Gig economy couriers should be entitled to a pension, says UK regulator

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The head of the UK pensions regulator has called on small economy businesses to recognize the employment rights of those who work for them and to implement occupational pensions.

Charles Counsell, chief executive of the Pensions Regulator, said the government-backed body was already working closely with Uber on a workplace program after a Supreme Court ruling found that private drivers in the carpooling group should be classified as workers, with rights. minimum hourly wage, vacation pay and a pension.

Currently, most couriers from companies operating in the odd-job economy, including Deliveroo and Uber’s food courier company, UberEats, as well as most Just Eat couriers in the UK, are classified as independent contractors with no key workplace benefits, including a pension.

After the Supreme Court ruling, Uber agreed that its 70,000 UK private drivers would be recognized as workers with minimum hourly wages and a pension.

“I’m going to call on other organizations in the odd-job economy to start recognizing that the people who work for them are workers and should be entitled to a pension,” Counsell told the regulator’s TPR Talks podcast.

“This is about helping people working in the economy to have a decent standard of living in retirement and I really encourage those working in the odd-job economy to take a stand and start placing their workers. in pensions. Let’s not deal with this on a case-by-case basis, ”he said.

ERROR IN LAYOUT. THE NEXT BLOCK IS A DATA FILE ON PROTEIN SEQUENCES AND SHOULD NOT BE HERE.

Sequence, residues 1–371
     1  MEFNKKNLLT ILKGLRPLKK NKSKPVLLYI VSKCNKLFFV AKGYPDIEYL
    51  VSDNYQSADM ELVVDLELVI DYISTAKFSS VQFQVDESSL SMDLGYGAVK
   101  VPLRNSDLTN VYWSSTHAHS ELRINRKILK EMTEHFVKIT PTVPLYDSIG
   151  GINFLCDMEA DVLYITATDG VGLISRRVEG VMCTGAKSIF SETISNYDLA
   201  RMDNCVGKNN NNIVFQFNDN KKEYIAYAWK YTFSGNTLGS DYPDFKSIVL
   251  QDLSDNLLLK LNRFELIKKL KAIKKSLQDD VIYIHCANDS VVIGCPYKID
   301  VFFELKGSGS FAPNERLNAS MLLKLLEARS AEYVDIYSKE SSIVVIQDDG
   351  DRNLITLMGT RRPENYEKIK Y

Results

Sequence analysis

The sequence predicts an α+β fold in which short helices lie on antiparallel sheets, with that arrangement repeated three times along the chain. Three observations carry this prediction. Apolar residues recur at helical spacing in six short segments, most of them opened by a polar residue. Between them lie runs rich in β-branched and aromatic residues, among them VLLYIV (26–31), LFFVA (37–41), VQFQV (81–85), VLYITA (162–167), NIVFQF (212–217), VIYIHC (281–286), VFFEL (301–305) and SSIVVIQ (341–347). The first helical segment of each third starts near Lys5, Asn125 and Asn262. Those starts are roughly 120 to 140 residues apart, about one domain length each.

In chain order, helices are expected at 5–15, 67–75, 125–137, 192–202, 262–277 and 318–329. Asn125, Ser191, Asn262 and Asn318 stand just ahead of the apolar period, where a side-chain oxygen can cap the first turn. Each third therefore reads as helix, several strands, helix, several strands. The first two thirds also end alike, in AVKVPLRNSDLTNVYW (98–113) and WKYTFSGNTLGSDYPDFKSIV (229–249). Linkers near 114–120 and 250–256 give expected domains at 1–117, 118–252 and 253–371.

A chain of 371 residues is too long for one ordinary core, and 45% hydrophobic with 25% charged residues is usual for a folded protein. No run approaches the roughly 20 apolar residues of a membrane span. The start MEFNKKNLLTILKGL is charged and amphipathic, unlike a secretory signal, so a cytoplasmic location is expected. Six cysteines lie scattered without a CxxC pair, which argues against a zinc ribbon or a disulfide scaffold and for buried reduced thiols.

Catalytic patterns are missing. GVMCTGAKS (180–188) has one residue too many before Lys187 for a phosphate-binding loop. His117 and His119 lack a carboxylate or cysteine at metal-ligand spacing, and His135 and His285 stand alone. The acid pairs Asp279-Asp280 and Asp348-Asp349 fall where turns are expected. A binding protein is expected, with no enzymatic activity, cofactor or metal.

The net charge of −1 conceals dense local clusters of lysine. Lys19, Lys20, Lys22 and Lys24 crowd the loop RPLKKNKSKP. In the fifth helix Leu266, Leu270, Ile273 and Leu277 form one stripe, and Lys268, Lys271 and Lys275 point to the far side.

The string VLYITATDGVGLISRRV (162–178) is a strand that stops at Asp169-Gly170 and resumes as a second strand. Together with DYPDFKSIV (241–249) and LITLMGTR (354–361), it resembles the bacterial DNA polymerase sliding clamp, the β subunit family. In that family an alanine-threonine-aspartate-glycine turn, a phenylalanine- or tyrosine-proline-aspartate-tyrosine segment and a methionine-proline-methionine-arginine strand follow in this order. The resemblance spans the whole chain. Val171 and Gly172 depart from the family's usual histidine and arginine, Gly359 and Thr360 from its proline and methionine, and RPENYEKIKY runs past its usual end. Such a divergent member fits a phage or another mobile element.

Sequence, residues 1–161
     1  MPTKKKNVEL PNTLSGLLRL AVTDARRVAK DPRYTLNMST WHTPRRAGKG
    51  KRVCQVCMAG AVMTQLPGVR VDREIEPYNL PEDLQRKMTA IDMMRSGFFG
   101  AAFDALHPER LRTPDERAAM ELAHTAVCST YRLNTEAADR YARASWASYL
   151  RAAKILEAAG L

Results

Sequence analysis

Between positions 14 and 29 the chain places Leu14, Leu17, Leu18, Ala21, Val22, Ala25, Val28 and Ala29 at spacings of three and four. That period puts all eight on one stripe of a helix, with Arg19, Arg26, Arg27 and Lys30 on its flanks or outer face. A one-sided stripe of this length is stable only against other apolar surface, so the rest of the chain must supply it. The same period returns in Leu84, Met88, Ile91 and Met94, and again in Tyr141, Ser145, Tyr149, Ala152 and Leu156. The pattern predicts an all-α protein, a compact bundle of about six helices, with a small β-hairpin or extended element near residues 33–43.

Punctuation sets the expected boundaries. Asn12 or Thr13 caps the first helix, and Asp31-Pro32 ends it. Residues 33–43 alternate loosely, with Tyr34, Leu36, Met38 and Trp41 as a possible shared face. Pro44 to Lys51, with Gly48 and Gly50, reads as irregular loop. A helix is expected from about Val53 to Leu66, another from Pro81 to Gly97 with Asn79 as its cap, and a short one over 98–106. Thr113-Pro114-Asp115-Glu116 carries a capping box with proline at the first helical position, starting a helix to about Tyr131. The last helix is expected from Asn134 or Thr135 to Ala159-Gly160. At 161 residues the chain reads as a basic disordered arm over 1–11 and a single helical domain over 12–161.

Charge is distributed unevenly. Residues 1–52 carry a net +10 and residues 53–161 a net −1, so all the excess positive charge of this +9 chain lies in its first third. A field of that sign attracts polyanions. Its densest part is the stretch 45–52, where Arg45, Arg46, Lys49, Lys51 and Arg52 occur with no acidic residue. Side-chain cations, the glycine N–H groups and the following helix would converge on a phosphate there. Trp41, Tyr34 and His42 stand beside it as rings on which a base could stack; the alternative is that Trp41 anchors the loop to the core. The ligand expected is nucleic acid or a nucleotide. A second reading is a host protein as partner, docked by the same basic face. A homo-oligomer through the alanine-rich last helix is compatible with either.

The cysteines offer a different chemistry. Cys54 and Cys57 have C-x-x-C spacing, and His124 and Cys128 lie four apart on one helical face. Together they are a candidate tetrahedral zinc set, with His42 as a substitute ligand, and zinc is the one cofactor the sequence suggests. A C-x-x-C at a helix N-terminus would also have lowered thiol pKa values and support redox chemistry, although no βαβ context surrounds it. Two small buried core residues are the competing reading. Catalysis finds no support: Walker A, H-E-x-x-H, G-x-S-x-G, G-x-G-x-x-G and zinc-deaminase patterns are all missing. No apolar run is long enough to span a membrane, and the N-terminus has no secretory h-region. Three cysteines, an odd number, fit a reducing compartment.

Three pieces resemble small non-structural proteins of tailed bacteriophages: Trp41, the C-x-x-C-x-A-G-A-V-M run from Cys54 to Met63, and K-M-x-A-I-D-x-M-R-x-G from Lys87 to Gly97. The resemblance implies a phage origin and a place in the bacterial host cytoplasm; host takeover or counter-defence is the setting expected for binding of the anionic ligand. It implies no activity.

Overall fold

Counsell’s position was supported by Stephen Timms, the MP who chairs Parliament’s special committee on work and pensions. Timms told the podcast that the influential committee will launch an investigation this fall into how to help those in the odd-job economy save for their retirement.

“I am happy that Uber is implementing this decision constructively [of the supreme court]Timms said. “Others like Deliveroo should do the same.”

He said construction workers would see “significant benefits” from a change in worker status.

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The GMB union said Counsell and Timms’ comments reflected an environment in which it was becoming increasingly difficult for companies like Deliveroo to deny their courier status.

Mick Rix, a national GMB official, said: “Pensions are important for all workers. The more people there are in a pension plan, the more comfortable and wealthy people will be in retirement. “

Alex Marshall, chairman of the odd-job economy union, the Self-Employed Union of Great Britain, said workers shouldn’t have to fight to make sure labor laws are enforced. “The Uber shutdown made it clear that these workers have their rights. It is a sector that thrives by exploiting the loopholes. The decision must be implemented immediately and applied throughout the odd-job economy, ”he said.


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